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By 7 August 2015 | Categories: Press Release

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By Kim Andersen, Account CTO at T-Systems South Africa

As an organisation embarks on a digital transformation strategy, one of the most visible (and most important) functions that need to evolve is that of marketing. Brought sharply into focus by new digital, social and mobile channels, the role of marketing is to be the virtual ‘shop front’ of the organisation and the customers’ first point of contact with the organisation.

With today’s increasingly fickle and demanding consumers, one’s initial engagement with a company often determines whether or not they will continue the relationship. In the most acute cases, a bad first experience can turn away a customer for life.

 This heightened importance of marketing in the digital era also means that marketing executives and managers have to take on a far broader remit. Their portfolio now spans across many different domains of knowledge, including a number of technology-related fields. Some analysts are predicting that the marketing department will be the area of the business that soon commands the biggest IT budgets – particularly for new, greenfield technology deployments.

 Omni-channel marketing

Digital marketing teams are tasked with bringing together all the digital touchpoints into one consistent, unified experience, giving customers’ choice over the channel they prefer.

In fact, this coordination extends beyond merely the digital touchpoints. Marketing needs to look at how digital customer experiences correlate to more traditional channels – such as call centres and physical store presences.

Once this has been achieved, marketing teams are being asked to track every facet of the organisation’s interactions with customers – tracking website browsing behaviour, social communication, buying patterns, demographic data, and much more.

 We can group this data into three primary categories: transactional data (customers, sales), human-generated data (unstructured, social information about customer conversations), and machine-generated data (connected devices that reveal aspects of customer behaviour).

The companies that use this data most effectively will emerge as the victors in the new digital economy. Using data science techniques, they will meld information from all three categories into one analysis framework, and producing outputs that give greater insights into the customer, and inform business strategy and product development.

Multi-sourcing as the answer

Added to this, digital marketing is becoming closely tied to the realm of digital commerce; and business managers are increasingly demanding tangible results, or ‘return on investment’ from any marketing efforts. Plugging the marketing activities into the sales funnel, or the ecommerce platform, becomes a vital role in the new marketing portfolio.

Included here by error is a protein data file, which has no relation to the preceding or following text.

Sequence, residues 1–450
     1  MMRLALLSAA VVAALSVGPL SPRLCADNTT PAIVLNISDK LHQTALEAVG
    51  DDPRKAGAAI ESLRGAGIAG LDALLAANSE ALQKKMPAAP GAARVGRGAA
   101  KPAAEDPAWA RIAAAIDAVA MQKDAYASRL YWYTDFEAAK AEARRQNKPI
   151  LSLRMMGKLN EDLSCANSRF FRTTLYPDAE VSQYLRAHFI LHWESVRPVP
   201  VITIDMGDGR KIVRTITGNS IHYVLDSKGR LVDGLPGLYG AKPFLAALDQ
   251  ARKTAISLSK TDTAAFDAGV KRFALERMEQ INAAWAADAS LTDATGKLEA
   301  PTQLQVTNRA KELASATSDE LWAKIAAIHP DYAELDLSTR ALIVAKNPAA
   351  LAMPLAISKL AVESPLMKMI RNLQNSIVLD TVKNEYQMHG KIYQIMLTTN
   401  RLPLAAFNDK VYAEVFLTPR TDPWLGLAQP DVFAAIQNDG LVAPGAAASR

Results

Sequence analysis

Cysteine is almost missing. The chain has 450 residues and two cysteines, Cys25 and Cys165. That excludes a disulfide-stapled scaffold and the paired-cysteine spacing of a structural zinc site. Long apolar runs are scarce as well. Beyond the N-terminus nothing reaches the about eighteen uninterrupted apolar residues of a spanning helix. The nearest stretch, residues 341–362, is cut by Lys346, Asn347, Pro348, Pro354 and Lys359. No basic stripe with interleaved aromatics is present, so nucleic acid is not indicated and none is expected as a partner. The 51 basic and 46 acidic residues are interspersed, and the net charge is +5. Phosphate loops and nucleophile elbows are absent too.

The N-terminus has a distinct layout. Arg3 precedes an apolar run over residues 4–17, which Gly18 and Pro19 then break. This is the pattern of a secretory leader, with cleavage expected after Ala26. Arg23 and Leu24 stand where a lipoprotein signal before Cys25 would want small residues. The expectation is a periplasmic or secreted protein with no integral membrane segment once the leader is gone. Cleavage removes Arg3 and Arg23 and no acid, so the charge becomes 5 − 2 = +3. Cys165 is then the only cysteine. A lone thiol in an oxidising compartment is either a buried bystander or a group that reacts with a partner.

Cloud services offer answers to many of the challenges facing digital marketers today. For example, specific marketing campaigns may cause spikes in digital activity and interaction (for example, the release of a new app, or a campaign to drive traffic to a website). By flexibly provisioning hosting and computing capacity when and as it’s needed, the marketing team doesn’t have to over-invest in capacity.

And, as with any form of digital transformation, the increased adoption of technology also leads to stronger digital security requirements. Marketing teams will need the right security solutions to ensure the safety of customer data, sales information, and other valuable data. 

Clearly, wise technology investments are required to build the systems that truly integrate digital marketing into the sales engine of the organisation: from social CRM tools that connect with the traditional CRM databases, to advanced analytics engines, and content management tools.

With so many considerations, the best option is to look at multi-sourcing relationships (selecting the most appropriate vendors, integrators and consultants for particular requirements). Using ‘pay-per-use’ hosted software limits the up-front capex requirements, and allows the marketing team to easily pivot in new directions, and towards different technology sets.

The marketing portfolio grows in scope and importance thus having the right technology partners and the right tools become crucial enablers of success in the digital economy. Technology represents the opportunity of bringing marketing closer to the customer, to tailor brand messaging to an ‘audience of one’, ultimately achieving what we refer to as “zero distance”.

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